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The C preprocessor is justifiably feared and shunned by the C++ community. In-lined functions, consts and templates are usually a safer and superior alternative to a #define.

The following macro:

#define SUCCEEDED(hr) ((HRESULT)(hr) >= 0)

is in no way superior to the type safe:

inline bool succeeded(int hr) { return hr >= 0; }

But macros do have their place, please list the uses you find for macros that you can't do without the preprocessor.

Please put each use-cases in a seperate answer so it can be voted up and if you know of how to achieve one of the answers without the preprosessor point out how in that answer's comments.

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39 Answers 39

up vote 75 down vote accepted

As wrappers for debug functions, to automatically pass things like __FILE__, __LINE__, etc:

#ifdef ( DEBUG )
#define M_DebugLog( msg )  std::cout << __FILE__ << ":" << __LINE__ << ": " << msg
#else
#define M_DebugLog( msg )
#endif
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9  
Actually, the original snippet: << FILE ":" << is fine, FILE generates a string constant, which will be concatenated with the ":" into a single string by the pre-processor. –  Frank Szczerba Mar 19 '09 at 23:59
1  
This only requires the preprocessor because __FILE__ and __LINE__ also require the preprocessor. Using them in your code is like an infection vector for the preprocessor. –  T.E.D. Apr 30 '12 at 18:53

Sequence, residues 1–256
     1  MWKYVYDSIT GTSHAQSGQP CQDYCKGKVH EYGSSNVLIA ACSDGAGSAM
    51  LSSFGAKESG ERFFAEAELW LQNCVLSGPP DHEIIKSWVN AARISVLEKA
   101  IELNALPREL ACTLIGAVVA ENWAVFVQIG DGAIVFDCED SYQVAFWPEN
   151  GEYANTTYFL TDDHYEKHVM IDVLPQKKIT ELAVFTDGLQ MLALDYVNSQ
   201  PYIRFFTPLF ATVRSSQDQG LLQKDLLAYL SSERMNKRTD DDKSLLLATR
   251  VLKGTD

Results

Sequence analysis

Methods must always be complete, compilable code; macros may be code fragments. Thus you can define a foreach macro:

#define foreach(list, index) for(index = 0; index < list.size(); index++)

And use it as thus:

foreach(cookies, i)
    printf("Cookie: %s", cookies[i]);
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4  
+1 If you are using some ridiculously complex iterator syntax, writing a foreach style macro can make your code much easier to read and maintain. I've done it, it works. –  postfuturist Oct 25 '08 at 21:01
7  
Most comments completely irrelevant to the point that macros may be code fragments instead of complete code. But thank you for the nitpicking. –  jdmichal Nov 12 '08 at 20:15
9  
This is C not C++. If you are doing C++, you should be using iterators and std::for_each. –  chrish Jun 11 '09 at 19:19
13  
I disagree, chrish. Before lambda's, for_each was a nasty thing, because the code each element was runnnig through was not local to the calling point. foreach, (and I highly recommend BOOST_FOREACH instead of a hand-rolled solution) let's you keep the code close to the iteration site, making it more readable. That said, once lambda's roll out, for_each might once again be the way to go. –  GManNickG Aug 18 '09 at 23:50
4  
And it's worth noting that BOOST_FOREACH is itself a macro (but a very well-thought-out one) –  Tyler McHenry Aug 18 '09 at 23:56

Inside conditional compilation, to overcome issues of differences between compilers:

#ifdef ARE_WE_ON_WIN32
#define close(parm1)            _close (parm1)
#define rmdir(parm1)            _rmdir (parm1)
#define mkdir(parm1, parm2)     _mkdir (parm1)
#define access(parm1, parm2)    _access(parm1, parm2)
#define create(parm1, parm2)    _creat (parm1, parm2)
#define unlink(parm1)           _unlink(parm1)
#endif
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6